Mashes are a popular way of feeding horses that can offer many benefits. Modern, nutritionally balanced, mashes are now available on the market, which combine the best of traditional knowledge with modern technology.
Article supplied by nutritionists from the TopSpec.
Mashes are a popular way of feeding horses that can offer many benefits. Traditionally, mashes were made from bran and were fed irregularly, often just once a week. Any laxative effect apparently seen from the feeding of a bran mash was actually due to an upset of the microbial fermentation in the hindgut. In addition, bran contains very little calcium, so the use of it would unbalance the sensitive calcium to phosphorous ratio in the total ration.
Modern, nutritionally balanced, mashes are now available on the market, which combine the best of traditional knowledge with modern technology.
Modern mashes could be broadly divided into two groups; mashes that are based on conditioning ingredients e.g. linseed, and those which are based on high fibre ingredients and are designed for good-doers.
One of the main benefits of feeding a mash is that they aid hydration. Dehydration can be life threatening and is frequently performance limiting, with poor performance, lack of stamina, ‘tying-up’ and colic well-known consequences.
Research and anecdotal evidence have reported an increased risk of impaction colic when horses are first confined to a stable after a period at grass. Stabled horses were found to drink significantly more water than horses at grass but they did not drink enough to compensate for the change from a ‘wet’ diet based on grass (approximately 80% water) to a ‘dry’ diet based on hay (approximately 15% water). When horses are first stabled, using a hydrating mash will increase water intake which will help to reduce the risk of impaction colic.
During the summer months when temperatures are warmer, it is important to ensure sufficient salt and water intake, especially after sweating.
Some horses may refuse to drink when they are away from home, and in these cases dilute mashes can be used to encourage water intake. Soaking a mash in up to 10 parts water will encourage horses to drink and rehydrate. This strategy could also be used to increase hydration if horses are reluctant to drink cold water in very cold winter weather.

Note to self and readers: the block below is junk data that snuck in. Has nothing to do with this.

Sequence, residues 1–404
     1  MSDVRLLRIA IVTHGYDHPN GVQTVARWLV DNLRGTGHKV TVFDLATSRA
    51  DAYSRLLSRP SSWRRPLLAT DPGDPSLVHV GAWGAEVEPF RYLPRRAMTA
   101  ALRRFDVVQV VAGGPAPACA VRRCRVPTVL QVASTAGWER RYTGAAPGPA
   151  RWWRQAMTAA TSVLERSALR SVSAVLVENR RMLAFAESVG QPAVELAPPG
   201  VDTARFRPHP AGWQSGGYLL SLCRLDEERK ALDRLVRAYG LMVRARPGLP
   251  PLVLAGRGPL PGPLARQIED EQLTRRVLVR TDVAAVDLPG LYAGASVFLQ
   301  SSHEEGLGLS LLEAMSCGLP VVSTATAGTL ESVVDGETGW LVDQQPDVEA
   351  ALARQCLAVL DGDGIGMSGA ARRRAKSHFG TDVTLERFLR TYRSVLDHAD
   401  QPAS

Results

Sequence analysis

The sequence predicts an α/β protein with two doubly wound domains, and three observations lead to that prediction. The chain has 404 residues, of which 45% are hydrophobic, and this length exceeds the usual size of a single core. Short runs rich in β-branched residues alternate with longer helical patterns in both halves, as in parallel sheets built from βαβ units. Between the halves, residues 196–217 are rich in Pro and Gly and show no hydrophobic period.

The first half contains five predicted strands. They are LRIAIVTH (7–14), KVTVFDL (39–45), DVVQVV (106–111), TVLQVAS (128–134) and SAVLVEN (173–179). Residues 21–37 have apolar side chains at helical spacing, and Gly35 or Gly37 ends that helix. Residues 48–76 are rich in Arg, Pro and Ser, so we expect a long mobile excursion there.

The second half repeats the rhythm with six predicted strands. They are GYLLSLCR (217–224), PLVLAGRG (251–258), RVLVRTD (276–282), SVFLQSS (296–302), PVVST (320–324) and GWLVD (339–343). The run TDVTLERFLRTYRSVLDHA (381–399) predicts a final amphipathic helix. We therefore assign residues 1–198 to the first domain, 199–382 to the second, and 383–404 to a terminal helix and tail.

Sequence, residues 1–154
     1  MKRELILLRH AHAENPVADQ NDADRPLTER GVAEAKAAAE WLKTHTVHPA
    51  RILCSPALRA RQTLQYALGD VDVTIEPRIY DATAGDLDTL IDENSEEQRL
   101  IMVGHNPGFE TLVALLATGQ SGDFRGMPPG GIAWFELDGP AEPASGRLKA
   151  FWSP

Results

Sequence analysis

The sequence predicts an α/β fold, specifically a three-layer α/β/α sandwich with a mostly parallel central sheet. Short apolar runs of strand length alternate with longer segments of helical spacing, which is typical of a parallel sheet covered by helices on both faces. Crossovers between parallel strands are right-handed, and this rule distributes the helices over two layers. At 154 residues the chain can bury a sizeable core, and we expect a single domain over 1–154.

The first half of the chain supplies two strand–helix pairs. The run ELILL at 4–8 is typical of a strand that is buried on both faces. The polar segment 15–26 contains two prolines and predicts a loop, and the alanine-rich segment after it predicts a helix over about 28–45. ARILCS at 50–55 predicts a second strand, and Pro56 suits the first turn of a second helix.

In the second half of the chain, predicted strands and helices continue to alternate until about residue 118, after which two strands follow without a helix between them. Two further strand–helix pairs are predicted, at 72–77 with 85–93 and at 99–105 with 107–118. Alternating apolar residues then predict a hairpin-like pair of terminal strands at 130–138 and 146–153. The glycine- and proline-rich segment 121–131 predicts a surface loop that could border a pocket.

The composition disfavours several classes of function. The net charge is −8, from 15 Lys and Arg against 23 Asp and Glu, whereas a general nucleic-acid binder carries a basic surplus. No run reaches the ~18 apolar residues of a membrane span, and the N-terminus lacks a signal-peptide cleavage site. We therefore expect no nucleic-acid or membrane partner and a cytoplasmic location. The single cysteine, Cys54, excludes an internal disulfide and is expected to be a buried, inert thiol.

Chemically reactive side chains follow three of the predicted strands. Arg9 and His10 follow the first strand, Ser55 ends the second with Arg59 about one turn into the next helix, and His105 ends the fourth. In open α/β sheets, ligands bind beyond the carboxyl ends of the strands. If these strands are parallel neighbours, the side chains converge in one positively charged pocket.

Mashes based on linseed and other conditioning ingredients, are useful for horses that need to gain condition but prefer or need a soft feed, for example, elderly horses. It is important to remember that it is the weight of dry feed that contributes the calories, not the weight of soaked feed. The digestible energy (DE) as fed will reduce in proportion to the amount of water added i.e. adding more water will increase the overall volume of product fed but will not increase the calories provided.
Linseed mashes are also useful for horses with a poor coat. Linseed contains high levels of Omega-3’s and mucopolysaccharides which will promote a fabulous shiny coat.
Feeding substantial amounts of mash which contained significant levels of straw would not be helpful for horses needing to gain weight.
Mashes can also provide benefits for good-doers but they need to be diluted, with water, more than conditioning mashes and they need to have a high-fibre formulation. Some good-doers may find a high-fibre mash more palatable than a low-sugar chop.
High-fibre mashes can provide a tasty, soft, hydrating meal without promoting significant weight gain.
High-fibre mashes, diluted with extra water allow owners to feed good-doers large feeds, without providing many calories. This can be useful to e.g. keep a bonny pony occupied whilst his underweight companion eats a nourishing, conditioning feed.
High-fibre mashes make excellent partial hay replacers for all horses especially those that cannot manage hay, haylage or even chop due to dental issues. A top specification high fibre mash will provide pre-ground fibre which will increase the supply of fibre to the hindgut microflora allowing them to have a healthier fermentation. This will reduce the severity and occurrence of loose droppings.
Horses and ponies requiring a low-starch/sugar diet e.g. a pony prone to laminitis, will also benefit from the use of High-fibre, low sugar/starch mashes in their diet in specific circumstances e.g. reduced appetite following the use of certain drugs.
If you are unsure whether a mash would be suitable for your horse or looking for advice it is best to speak to an experienced nutritionist who will be able to give you individual advice for your horse.
Article supplied by nutritionists from the TopSpec Multiple Award-Winning-Helpline – see www.topspec.com/nutritional-advice/